Once more, Stewart’s appeal lies on both sides of the political spectrum. As pointed out, Stewart, a Democrat, has no special treatment for the Democratic Party when it comes to criticism: “And despite being an Obama supporter himself, Stewart is the first to blow the whistle on the president’s shortcomings… Left-wing or right-wing, no one is off-limits to Stewart.”

Like Nast, Stewart communicates in ways almost everyone can understand and identify with. He keeps his rhetoric relatively plain and simple, at the level that a 13-year-old can understand, but without dumbing things down. When many news segments can be difficult to follow due to lack of focus or convoluted questions, Stewart cuts straight to the point.

This was especially evident in 2004 when Stewart was a guest on CNN’s, now canceled segment, “Crossfire.” An argument with host Tucker Carlson ensued after Stewart stated that “Crossfire” was not living up to journalistic integrity. When Carlson countered that Stewart wasn’t fair in his interview questions with John Kerry, Stewart famously responded with, “You’re on CNN! The show that leads into me is puppets making crank phone calls; what is wrong with you?”

Stewart’s response highlights a double-sided point. He is a comedian and, therefore, not held to the standards journalists are. Furthermore, this position allows him to take anyone to task and do it in an entertaining way.  Shortly after Stewart’s appearance, “Crossfire” was canceled. CNN’s CEO Jonathan Klein cited Stewart’s visit as part of the reason behind the cancellation.

When a generation looks at the American news media and government and sees a lack of check and balances from the journalists who are supposed to be supplying accountability, it’s obvious a gap needs to be filled. So far, Jon Stewart has been the one to fill that void.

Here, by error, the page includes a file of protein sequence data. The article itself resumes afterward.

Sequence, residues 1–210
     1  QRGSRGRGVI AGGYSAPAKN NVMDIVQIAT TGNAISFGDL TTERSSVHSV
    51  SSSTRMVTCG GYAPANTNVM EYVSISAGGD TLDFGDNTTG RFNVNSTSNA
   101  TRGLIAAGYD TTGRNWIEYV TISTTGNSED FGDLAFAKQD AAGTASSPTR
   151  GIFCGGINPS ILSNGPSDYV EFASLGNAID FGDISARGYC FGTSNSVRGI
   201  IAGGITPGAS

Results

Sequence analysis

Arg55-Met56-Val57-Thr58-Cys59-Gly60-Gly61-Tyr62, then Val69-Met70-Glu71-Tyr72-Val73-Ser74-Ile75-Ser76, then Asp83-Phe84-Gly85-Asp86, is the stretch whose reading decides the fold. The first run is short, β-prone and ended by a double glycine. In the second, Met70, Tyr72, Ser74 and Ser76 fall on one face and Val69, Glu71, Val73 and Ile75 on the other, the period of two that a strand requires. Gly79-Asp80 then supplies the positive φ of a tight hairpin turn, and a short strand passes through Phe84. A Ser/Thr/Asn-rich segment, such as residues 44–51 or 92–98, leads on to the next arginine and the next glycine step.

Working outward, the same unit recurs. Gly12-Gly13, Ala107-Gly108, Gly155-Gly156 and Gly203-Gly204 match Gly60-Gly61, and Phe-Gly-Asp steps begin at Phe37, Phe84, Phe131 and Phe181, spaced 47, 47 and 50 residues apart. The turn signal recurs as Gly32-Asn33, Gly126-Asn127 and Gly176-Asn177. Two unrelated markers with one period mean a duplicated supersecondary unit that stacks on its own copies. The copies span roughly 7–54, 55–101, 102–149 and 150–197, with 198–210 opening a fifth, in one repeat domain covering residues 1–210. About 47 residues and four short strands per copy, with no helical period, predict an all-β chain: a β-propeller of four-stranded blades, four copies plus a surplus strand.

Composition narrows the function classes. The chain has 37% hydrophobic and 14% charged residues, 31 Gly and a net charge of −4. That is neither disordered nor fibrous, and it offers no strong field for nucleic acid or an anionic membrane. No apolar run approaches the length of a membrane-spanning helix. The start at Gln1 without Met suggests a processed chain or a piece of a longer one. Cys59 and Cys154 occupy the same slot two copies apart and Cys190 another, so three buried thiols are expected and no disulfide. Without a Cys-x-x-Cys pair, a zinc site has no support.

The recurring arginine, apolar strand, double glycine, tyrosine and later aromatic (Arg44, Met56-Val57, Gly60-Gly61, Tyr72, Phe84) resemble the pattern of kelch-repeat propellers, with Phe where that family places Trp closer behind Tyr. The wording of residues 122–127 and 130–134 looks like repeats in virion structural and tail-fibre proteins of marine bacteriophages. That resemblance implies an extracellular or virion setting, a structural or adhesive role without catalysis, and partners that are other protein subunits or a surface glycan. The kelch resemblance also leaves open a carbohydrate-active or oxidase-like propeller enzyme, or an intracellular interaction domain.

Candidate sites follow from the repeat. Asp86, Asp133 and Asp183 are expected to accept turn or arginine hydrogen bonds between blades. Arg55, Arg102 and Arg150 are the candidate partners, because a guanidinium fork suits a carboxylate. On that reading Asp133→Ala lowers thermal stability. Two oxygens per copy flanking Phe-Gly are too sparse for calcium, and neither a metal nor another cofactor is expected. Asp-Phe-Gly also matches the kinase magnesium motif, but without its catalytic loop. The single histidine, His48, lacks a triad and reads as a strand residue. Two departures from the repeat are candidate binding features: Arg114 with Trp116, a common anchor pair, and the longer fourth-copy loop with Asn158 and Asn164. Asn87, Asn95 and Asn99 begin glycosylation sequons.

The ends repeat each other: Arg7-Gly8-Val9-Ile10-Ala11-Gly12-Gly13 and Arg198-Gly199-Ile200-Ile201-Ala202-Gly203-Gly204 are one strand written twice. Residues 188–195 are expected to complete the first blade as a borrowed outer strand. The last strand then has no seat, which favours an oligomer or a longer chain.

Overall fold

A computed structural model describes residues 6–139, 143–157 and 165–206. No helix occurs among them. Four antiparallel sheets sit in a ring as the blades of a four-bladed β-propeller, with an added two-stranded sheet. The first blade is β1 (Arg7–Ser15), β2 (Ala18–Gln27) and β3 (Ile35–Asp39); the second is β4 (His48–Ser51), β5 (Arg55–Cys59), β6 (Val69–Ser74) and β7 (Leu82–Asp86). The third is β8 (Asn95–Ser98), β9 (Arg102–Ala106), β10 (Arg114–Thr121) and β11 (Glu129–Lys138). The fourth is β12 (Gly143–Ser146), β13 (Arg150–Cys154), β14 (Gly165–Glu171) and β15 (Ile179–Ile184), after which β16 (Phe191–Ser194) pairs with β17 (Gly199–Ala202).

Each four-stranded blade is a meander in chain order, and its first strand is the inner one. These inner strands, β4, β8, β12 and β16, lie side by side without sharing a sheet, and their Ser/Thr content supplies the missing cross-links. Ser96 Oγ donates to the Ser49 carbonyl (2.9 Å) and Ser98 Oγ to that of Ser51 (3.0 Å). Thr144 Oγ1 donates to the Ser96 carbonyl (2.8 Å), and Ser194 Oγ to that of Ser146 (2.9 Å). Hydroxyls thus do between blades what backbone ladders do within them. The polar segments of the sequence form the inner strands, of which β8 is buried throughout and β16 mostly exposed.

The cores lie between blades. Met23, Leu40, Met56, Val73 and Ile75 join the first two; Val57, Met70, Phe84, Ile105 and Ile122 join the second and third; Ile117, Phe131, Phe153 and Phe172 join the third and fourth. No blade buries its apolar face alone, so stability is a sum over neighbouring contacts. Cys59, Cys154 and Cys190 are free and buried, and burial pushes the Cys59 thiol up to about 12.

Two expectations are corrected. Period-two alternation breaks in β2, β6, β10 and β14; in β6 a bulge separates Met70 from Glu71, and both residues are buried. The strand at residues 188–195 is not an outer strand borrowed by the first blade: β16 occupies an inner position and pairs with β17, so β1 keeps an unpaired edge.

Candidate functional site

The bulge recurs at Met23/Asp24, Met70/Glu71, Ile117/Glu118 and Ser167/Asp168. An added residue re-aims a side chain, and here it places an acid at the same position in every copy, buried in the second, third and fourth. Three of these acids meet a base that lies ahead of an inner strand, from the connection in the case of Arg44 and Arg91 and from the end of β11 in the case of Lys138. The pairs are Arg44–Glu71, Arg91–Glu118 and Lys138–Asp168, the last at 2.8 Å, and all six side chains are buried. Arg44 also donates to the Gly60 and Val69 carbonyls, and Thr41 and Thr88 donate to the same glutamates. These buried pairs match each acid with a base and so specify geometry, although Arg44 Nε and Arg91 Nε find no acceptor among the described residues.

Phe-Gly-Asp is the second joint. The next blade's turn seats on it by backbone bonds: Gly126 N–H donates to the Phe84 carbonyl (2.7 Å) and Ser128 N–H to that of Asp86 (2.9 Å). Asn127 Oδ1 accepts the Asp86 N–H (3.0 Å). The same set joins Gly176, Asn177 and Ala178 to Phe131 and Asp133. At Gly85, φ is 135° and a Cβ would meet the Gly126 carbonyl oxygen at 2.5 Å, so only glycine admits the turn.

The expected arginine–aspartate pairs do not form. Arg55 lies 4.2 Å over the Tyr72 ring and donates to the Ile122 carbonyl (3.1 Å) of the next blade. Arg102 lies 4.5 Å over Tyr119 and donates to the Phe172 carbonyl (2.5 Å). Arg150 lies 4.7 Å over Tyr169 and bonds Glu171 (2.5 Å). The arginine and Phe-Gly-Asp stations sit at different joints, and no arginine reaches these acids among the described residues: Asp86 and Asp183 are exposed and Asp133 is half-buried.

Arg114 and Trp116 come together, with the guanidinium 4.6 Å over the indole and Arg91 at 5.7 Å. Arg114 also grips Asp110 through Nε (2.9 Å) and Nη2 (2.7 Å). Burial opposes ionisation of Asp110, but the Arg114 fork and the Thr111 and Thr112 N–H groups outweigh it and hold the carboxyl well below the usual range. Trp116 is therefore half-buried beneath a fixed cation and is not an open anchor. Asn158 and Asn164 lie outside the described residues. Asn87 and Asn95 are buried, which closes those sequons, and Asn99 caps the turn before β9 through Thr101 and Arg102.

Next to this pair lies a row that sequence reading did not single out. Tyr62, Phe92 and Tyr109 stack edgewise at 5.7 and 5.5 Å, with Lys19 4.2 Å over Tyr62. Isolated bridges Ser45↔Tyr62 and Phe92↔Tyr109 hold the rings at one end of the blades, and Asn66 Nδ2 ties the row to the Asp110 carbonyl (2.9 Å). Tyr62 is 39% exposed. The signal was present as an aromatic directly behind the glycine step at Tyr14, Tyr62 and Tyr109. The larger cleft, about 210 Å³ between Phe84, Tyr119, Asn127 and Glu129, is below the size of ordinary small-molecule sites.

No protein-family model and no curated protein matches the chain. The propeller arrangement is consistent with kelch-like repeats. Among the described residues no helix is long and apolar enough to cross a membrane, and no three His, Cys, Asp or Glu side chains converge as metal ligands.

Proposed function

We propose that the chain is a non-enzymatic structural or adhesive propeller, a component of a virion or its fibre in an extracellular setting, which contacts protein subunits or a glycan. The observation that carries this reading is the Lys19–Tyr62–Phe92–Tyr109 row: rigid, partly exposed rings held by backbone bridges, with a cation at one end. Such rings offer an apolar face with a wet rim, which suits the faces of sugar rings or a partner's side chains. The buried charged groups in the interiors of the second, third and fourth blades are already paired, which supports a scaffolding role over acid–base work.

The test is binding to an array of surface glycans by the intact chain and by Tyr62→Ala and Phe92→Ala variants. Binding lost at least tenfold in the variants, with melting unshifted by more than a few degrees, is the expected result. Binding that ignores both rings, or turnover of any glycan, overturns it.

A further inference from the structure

Six years after the “Crossfire” incident, Stewart once again took the U.S. media to task in his closing statements to those at the Rally for Sanity and/or Fear.

The press can hold its magnifying glass up to our problems, bringing them into focus, illuminating issues heretofore unseen. Or they can use that magnifying glass to light ants on fire, and then perhaps host a week of shows on the ‘dangerous, unexpected flaming-ants epidemic!’ If we amplify everything, we hear nothing.”

Image by cliff1066™.

The Legacy of Social Networking

Posted on July 28, 2010 by 3 Comments

My favorite teacher in high school was my sophomore history teacher, Marvin Reed. History for me has always been akin to storytelling, and that was exactly how Mr. Reed taught. He sat there in his chair in the middle of the classroom and, without notes or an overhead projector, dove into detailed lectures about the wars of Europe, the rise and fall of the Ottoman Empire, and the crazy royal families. Yet, the most important thing I learned from Mr. Reed had nothing to do with history.Letters as a Legacy

In his classroom, Mr. Reed had various sorts of historical artifacts. He collected several of them when he was living in Europe in the 1960s — others had been given to him. These pieces included both the Berlin Wall and — thanks to my Japanese teacher’s gutsy defiance of Chinese law — the Great Wall of China. But the most interesting artifact in the classroom had little to do with history and everything to do with legacy. It was a giant ball made completely of plastic grocery bags in the middle of his classroom.